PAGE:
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The Road to HTML 5 – Episode 1: the section element

Wednesday, November 5th, 2008

Welcome to a new semi-regular column, "The Road to HTML 5," where I'll try to explain some of the new elements, attributes, and other features in the upcoming HTML 5 specification.

The element of the day is the <section> element.

The section element represents a generic document or application section. A section, in this context, is a thematic grouping of content, typically with a header, possibly with a footer. Examples of sections would be chapters, the various tabbed pages in a tabbed dialog box, or the numbered sections of a thesis. A Web site's home page could be split into sections for an introduction, news items, contact information.

Discussion of sections and headers dates back several years. In November 2004, Ian Hickson wrote:

Basically I want three things:

  1. It has to be possible to take existing markup (which correctly uses <h1>-<h6>) and wrap the sections up with <section> (and the other new section elements) and have it be correct markup. Basically, allowing authors to replace <div class="section"> with <section>, <div class="post"> with <article>, etc.
  2. It has to be possible to write new documents that use the section elements and have the headers be automatically styled to the right depth (and maybe automatically numbered, with appropriate CSS), and yet still be readable in legacy UAs, without having to think about old UAs. Basically, the header element has to be header-like in old browsers.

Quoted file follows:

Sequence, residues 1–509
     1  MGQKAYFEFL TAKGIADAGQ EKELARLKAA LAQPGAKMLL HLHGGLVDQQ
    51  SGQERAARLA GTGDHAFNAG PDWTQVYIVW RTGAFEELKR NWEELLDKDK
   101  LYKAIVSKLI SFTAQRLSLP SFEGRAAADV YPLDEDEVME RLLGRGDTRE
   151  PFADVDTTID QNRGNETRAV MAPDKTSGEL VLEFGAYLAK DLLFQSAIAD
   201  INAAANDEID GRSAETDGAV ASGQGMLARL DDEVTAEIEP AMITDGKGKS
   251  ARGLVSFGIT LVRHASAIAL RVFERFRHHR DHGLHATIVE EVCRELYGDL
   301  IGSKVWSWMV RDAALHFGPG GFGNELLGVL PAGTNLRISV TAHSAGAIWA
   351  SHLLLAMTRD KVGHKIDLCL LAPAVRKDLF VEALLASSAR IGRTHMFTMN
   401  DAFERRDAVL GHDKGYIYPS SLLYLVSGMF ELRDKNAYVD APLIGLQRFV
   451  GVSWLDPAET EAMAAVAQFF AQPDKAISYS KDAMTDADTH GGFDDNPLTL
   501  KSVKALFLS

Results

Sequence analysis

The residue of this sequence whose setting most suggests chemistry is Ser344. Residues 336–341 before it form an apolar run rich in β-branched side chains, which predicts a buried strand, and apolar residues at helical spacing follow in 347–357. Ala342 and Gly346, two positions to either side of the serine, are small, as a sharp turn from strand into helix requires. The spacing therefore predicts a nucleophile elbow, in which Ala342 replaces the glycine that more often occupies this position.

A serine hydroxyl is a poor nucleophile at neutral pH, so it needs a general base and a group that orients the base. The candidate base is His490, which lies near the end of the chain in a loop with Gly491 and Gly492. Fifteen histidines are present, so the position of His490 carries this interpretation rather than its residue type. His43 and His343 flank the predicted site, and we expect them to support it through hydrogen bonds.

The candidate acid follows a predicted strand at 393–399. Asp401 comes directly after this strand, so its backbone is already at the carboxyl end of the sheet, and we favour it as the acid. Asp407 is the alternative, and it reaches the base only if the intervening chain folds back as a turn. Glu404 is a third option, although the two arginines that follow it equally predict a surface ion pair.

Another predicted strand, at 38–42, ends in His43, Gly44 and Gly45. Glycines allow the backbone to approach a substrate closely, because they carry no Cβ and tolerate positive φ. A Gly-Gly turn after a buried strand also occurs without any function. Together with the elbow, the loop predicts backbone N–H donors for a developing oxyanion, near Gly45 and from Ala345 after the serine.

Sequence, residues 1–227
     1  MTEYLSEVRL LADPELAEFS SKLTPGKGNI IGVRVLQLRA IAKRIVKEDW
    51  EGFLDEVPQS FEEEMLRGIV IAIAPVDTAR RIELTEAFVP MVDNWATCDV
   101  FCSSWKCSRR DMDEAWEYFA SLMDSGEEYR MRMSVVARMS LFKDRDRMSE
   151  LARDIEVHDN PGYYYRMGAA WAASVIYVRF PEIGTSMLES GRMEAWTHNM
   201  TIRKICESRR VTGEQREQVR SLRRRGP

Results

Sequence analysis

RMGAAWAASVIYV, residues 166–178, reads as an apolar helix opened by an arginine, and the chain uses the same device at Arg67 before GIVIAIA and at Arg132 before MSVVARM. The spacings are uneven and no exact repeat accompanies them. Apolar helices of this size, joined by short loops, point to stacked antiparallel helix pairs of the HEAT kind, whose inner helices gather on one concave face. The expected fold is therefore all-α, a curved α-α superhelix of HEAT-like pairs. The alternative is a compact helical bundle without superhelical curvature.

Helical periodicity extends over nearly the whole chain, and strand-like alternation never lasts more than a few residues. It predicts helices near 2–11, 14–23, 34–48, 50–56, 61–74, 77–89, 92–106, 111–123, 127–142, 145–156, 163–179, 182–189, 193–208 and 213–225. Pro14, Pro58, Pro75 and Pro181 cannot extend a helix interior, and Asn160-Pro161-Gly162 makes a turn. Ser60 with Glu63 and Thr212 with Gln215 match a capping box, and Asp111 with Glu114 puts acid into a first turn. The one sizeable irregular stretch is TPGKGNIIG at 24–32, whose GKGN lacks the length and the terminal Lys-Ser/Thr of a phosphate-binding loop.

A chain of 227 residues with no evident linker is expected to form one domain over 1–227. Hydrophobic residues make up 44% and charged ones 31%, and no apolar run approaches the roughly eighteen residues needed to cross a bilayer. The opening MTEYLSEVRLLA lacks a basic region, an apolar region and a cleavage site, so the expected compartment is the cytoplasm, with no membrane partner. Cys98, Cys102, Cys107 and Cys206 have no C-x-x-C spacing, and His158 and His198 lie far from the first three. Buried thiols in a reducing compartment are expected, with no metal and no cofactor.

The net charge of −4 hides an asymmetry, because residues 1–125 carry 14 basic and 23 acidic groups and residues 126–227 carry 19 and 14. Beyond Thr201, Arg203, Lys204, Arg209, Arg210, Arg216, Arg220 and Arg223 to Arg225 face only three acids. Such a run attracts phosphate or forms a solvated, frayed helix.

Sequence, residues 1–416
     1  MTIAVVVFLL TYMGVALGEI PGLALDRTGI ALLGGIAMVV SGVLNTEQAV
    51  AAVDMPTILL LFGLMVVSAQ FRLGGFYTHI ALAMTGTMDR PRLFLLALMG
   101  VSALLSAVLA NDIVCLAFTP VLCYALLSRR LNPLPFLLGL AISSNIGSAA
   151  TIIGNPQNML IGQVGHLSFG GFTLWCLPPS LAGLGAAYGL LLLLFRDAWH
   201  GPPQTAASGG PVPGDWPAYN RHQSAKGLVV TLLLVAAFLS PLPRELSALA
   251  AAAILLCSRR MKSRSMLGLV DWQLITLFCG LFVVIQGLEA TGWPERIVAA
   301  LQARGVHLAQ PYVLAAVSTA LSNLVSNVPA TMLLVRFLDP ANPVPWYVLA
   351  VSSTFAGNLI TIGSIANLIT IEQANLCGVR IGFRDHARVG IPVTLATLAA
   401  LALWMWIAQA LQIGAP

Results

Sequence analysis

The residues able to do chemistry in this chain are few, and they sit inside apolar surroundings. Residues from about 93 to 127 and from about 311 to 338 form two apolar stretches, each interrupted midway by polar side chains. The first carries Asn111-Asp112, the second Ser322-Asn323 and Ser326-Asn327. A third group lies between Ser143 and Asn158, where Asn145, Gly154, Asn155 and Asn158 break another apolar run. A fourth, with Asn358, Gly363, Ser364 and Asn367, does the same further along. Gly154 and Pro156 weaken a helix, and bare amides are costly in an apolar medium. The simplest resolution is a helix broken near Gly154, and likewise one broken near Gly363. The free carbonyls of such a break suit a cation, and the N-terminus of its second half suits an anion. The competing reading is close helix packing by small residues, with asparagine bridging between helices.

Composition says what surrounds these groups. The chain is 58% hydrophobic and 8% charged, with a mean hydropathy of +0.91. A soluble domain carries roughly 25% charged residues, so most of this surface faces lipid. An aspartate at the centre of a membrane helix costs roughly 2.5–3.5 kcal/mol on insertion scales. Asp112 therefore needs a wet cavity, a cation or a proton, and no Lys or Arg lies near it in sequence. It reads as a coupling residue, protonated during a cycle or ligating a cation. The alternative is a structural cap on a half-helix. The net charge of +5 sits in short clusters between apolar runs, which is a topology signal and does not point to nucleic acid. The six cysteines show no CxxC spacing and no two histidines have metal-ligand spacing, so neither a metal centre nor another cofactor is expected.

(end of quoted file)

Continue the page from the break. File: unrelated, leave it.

3. It shouldn't be too easy to end up with meaningless markup when doing either of the above. So a random <h4> in the middle of an <h2> and an <h3> has to be defined as meaning _something_.

At the moment what I'm thinking of doing is this (most of these ideas are in the draft at the moment, but mostly in contradictory ways):

The section elements would be:

<body> <section> <article> <navigation> <sidebar>

The header elements would be:

<header> <h1> <h2> <h3> <h4> <h5> <h6>

<h1> gives the heading of the current section.

<header> wraps block-level content to mark the whole thing as a header, so that you can have, e.g., subtitles, or "Welcome to" paragraphs before a header, or "Presented by" kind of information. <header> is equivalent to an <h1>. The first highest-level header in the <header> is the "title" of the section for outlining purposes.

<h2> to <h6> are subsection headings when used in <body>, and equivalent to <h1> when used in one of the section elements.

<h1> automatically sizes to fit the current nesting depth. This could be a problem in CSS since CSS can't handle this kind of thing well -- it has no "or" operator at the simple selector level.

<h2>-<h6> keep their legacy renderings for compatibility.

Further discussion:

Fast-forward to modern times. Using the <section> element instead of, say, <div class="section">, seems like a no-brainer. Unfortunately, there's a catch. (Hey, it's the web; there's always a catch.) Not all modern browsers recognize the <section> element, which means that they fall back to their default handling of unknown elements.

A long digression into browsers' handling of unknown elements

Every browser has a master list of HTML elements that it supports. For example, Mozilla Firefox's list is stored in nsElementTable.cpp. Elements not in this list are treated as "unknown elements." There are two fundamental problems with unknown elements: